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Old 10-20-2011, 02:26 PM   #1506
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Re: Aikido does not work at all in a fight.

Quote:
Alberto Italiano wrote: View Post
Whoever may be genuinely interested in aiki, would never dare say he knows what aiki is. It's an implied gentlement's agreement for me.
That's just the opposite of what the founder stated. When asked what was aiki, Morihei Ueshiba replied, "I am aiki!". When asked why people couldn't do what he did, he answered, "Because you do not understand in yo."

Sagawa stated aiki was a body changing method. Horikawa's wife stated that one must steal it by watching the body.

Just because you might not want to say you know what it is, doesn't mean others are the same. Some of us have done our research, have gone out and met people, have trained with both aikido and Daito ryu people, and have found aiki. Morihei Ueshiba's aiki. Not Modern Aikido's aiki, which is completely different.

Quote:
Alberto Italiano wrote: View Post
Yet as a matter of fact, the fact we have no canonical definition of it so that immediate consensus about it can be won, opens the concept of aiki to broad speculation.
Maybe you don't, I don't know. But it definitely is not a "matter of fact". I know a whole lot of people who have a fairly good grasp of what aiki is and they are working on changing their bodies with specific exercises, so that, sometime down the road, they will be able to say the same thing Ueshiba said, "I am aiki!"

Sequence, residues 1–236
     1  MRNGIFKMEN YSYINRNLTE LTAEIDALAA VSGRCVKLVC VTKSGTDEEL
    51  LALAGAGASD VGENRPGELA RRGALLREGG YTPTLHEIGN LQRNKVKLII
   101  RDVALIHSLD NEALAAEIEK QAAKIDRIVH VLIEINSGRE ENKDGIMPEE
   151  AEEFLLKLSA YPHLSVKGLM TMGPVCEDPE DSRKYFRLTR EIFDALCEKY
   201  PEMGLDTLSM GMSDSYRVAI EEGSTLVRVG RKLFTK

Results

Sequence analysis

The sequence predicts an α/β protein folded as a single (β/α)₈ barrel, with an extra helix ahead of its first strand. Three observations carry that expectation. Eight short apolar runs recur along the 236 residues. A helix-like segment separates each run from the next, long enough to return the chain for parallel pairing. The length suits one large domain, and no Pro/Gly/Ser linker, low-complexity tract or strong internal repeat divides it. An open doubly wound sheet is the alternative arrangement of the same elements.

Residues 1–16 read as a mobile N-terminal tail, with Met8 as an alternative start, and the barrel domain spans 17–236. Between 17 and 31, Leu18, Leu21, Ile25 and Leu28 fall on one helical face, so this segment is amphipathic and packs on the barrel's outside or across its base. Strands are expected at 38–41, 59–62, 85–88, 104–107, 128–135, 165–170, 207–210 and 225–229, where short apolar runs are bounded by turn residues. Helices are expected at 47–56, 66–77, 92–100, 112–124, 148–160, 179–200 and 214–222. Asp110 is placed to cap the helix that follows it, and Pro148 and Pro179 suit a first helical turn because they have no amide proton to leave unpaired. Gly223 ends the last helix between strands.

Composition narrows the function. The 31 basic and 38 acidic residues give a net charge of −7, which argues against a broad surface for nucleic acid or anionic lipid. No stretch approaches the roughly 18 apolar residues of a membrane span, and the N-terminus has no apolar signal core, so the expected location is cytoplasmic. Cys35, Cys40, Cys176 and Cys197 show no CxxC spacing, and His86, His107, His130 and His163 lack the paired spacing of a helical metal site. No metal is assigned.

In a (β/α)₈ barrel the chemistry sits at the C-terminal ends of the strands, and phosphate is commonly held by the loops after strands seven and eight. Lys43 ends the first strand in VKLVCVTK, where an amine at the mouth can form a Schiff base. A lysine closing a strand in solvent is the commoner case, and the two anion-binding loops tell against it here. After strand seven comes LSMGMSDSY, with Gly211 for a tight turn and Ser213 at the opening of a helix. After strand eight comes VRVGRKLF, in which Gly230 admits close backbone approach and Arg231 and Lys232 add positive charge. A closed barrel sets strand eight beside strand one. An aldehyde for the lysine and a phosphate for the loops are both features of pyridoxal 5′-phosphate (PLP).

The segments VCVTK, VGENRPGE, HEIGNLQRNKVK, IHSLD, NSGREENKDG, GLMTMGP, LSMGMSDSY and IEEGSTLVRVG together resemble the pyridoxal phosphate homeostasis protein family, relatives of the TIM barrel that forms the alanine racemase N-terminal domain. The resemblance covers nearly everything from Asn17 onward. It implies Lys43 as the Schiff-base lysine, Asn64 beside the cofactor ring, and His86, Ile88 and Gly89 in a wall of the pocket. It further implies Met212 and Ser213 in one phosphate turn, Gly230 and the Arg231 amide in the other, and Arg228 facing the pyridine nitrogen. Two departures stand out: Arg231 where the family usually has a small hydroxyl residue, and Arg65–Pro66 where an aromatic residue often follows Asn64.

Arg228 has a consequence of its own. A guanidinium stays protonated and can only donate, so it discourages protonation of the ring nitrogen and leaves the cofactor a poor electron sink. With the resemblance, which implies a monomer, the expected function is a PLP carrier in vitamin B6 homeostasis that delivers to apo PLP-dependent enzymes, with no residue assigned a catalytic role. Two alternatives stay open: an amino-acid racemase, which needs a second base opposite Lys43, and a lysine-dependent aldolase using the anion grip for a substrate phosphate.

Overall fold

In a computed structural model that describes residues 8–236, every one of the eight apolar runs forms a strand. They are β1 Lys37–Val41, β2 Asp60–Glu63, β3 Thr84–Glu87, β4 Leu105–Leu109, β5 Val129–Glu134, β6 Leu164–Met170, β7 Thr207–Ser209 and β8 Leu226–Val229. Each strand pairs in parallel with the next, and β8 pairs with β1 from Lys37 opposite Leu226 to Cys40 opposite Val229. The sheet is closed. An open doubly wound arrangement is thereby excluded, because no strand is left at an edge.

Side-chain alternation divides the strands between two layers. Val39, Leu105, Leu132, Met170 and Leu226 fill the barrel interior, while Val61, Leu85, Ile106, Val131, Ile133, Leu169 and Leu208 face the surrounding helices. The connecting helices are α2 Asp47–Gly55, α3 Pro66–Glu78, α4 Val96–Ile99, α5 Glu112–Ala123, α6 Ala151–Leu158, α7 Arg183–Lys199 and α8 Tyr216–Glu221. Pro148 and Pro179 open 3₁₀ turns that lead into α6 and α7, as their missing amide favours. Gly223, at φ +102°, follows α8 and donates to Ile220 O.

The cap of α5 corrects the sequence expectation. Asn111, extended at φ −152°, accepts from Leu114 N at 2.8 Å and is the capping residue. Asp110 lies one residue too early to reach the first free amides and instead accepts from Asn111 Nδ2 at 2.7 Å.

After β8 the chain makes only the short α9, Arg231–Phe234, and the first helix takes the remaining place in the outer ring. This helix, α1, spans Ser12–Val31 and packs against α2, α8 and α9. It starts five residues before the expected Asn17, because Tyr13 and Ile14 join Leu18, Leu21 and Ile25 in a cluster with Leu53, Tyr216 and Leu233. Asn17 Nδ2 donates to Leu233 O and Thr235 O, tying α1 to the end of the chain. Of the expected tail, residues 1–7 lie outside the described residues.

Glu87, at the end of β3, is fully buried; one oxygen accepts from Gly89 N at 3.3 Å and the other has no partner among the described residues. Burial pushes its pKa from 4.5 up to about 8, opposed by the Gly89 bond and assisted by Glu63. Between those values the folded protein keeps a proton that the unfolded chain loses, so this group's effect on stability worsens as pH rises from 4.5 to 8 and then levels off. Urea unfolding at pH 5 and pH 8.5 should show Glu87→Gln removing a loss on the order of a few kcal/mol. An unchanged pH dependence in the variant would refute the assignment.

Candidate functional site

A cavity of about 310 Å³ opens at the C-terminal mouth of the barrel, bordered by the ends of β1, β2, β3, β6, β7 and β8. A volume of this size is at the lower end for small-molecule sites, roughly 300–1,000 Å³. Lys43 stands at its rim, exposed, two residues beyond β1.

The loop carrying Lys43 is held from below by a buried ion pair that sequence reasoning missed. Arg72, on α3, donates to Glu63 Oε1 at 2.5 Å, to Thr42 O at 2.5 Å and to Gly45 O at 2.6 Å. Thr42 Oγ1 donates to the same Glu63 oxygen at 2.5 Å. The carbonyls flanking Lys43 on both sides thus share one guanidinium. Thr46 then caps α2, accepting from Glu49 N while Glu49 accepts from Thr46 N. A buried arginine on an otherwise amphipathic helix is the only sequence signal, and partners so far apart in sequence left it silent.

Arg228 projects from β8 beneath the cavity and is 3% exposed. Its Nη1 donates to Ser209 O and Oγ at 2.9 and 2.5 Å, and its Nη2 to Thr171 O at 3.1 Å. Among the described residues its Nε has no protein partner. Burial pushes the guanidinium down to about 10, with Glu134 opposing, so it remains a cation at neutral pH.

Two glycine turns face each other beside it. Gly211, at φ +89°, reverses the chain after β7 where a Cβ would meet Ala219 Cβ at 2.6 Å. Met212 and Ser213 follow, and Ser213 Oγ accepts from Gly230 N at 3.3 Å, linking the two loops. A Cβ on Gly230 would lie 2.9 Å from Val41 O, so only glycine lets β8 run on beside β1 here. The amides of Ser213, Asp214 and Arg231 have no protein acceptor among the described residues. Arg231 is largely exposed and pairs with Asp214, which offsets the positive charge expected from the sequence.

Quote:
Alberto Italiano wrote: View Post
But if you place aiki among the most refined achievements of aikido, as I assume it ought to be placed, then you should not consider it as something that can be acquired cheaply or as something that may be granted to anybody.
Aiki was a closely guarded secret. Aiki was the power and skill that made Takeda, Sagawa, Horikawa, and Ueshiba stand out. However, if one does the exercises, one will acquire aiki. Anyone.

Quote:
Alberto Italiano wrote: View Post
Given that assumption, whoever plans to discover aiki would never say: i now know with finality what aiki is.
In your reasoning, Torres, you are replacing my alleged intention to be final about this thread, with your alleged intention of being final about what aiki is.
I would disagree. Takeda, Sagawa, Horikawa, Ueshiba all said they knew what aiki was. They also said that it was very deep. They never thought that they had found the totality of aiki but they most certainly knew what aiki was. So, too, did other people. There is a concrete, understandable, and demonstrable concept of aiki which shows a finality to defining it.

Think about it. Many competent and very good martial artists crossed paths with the aiki greats that I listed above. Nearly ever single martial artist who did came away wondering what it was that they had experienced. It was beyond their known experiences. Think about that. 10, 20, 40, 60 years in the martial arts and these people meet someone (an aiki great) whom is outside their years of training such that they can not comprehend how these aiki men are overwhelming them. Yet, all of these aiki men knew what aiki was and how to train it.
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